higher education; online learning; Zoom Video Communications; COVID-19

Objective and background

Contrary to what some might believe, the technology software Zoom Video Communications was known in academic realms prior to the global COVID-19 pandemic. Recognized as a useful online conferencing tool for academic information dissemination, a body of literature discussed the uses of Zoom in the classroom and tutorials existed recognizing how it may be utilized in the field of education (Barbosa & Barbosa, 2019; Sutterlin, 2018). Zoom was acknowledged by many as a tool that could be utilized for distance teaching to enhance online education through its interactive collaborative capabilities. However, little did we know at the time just how necessary this technology would become for the entire field of education during a worldwide pandemic that forced teachers to move from face-to-face (hereafter referred to as “F2F”) classes to an entirely online platform.

Following the initial start of the COVID-19 pandemic and subsequent government lockdowns (Taylor, 2021), Zoom began to be utilized across countries to educate students in all areas of their academic career, from elementary school to higher education, the latter of which is the focus of the current literature review. Since the onset of the pandemic, a large influx of research on the topic of online classrooms has occurred and many questions have been raised regarding best teaching practices for video conferencing software. The current literature review seeks to summarize and analyze the body of research investigating Zoom usage in higher education online learning that occurred during the COVID-19 pandemic. Prior to analysis, some background information on these topics will be provided.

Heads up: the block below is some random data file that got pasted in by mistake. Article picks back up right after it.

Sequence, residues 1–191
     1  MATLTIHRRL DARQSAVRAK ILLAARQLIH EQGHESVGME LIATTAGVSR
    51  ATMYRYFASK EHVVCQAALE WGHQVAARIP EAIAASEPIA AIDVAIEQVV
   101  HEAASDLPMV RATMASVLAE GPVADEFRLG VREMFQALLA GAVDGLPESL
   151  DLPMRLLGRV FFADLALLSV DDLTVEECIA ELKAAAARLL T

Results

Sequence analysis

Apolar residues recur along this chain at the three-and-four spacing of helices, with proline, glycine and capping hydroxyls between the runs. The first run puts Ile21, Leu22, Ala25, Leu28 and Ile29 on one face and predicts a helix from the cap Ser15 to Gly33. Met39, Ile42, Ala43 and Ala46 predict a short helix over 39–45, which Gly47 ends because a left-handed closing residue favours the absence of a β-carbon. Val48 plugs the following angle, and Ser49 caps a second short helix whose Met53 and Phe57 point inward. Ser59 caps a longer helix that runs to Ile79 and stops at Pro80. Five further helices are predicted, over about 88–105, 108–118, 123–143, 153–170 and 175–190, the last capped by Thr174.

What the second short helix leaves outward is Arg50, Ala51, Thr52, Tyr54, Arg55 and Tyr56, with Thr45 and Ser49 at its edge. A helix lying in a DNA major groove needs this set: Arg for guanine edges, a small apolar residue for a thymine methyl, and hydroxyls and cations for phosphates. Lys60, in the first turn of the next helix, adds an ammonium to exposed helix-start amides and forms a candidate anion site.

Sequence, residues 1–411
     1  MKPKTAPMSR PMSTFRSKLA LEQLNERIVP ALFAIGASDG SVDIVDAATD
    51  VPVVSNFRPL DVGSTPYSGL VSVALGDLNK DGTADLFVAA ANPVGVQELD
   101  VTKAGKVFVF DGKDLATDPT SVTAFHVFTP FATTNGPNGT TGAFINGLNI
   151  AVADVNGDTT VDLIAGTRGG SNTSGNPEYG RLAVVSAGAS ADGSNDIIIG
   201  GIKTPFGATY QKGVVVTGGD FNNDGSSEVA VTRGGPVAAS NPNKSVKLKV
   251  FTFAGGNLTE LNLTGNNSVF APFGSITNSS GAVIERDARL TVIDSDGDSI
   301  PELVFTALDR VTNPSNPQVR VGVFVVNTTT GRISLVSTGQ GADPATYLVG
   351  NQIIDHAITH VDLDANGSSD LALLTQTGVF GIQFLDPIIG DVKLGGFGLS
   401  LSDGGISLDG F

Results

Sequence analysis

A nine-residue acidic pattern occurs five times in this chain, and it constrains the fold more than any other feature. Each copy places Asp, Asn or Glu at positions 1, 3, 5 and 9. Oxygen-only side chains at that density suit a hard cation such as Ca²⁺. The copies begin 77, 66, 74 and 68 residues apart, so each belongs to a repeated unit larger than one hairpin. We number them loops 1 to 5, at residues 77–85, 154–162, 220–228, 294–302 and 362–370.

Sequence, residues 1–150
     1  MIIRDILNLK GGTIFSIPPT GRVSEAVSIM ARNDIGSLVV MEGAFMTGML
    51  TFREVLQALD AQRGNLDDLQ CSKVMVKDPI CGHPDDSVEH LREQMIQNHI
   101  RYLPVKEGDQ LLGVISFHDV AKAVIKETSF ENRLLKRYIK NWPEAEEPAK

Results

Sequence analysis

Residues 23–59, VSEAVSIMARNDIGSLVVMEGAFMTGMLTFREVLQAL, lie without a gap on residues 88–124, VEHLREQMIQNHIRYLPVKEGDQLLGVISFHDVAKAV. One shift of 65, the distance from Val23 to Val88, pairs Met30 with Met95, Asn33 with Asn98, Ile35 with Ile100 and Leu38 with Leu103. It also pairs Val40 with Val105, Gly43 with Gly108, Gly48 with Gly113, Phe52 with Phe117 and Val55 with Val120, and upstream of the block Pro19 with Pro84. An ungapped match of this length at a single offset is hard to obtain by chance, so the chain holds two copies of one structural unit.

The COVID-19 Global Pandemic

On January 30, 2020, the World Health Organization (WHO) declared that a novel coronavirus first identified in China in December 2019 had become a global health emergency (Taylor, 2021). This virus was termed COVID-19 and was recognized to have severe respiratory symptoms which could result in death. As we shortly found out, the virus was also incredibly infectious; by March 7, 2021, over 116,166,652 individuals across the world had contracted the disease resulting in 2,582,528 deaths (WHO, 2021). As this was considered a worldwide emergency, many countries ended up in a lock-down state; the United States entered lock-down on March 13, 2020 which resulted in citizens being instructed to remain at home and not enter public domains (Jorden et al., 2020). The lock-down forced all but essential workers to remain away from the workplace, and schools had to shut down in-person classes (Czeisler et al., 2020). Because F2F classes were canceled, many universities had to find new ways to instruct students remotely and Zoom became a critical tool in this effort.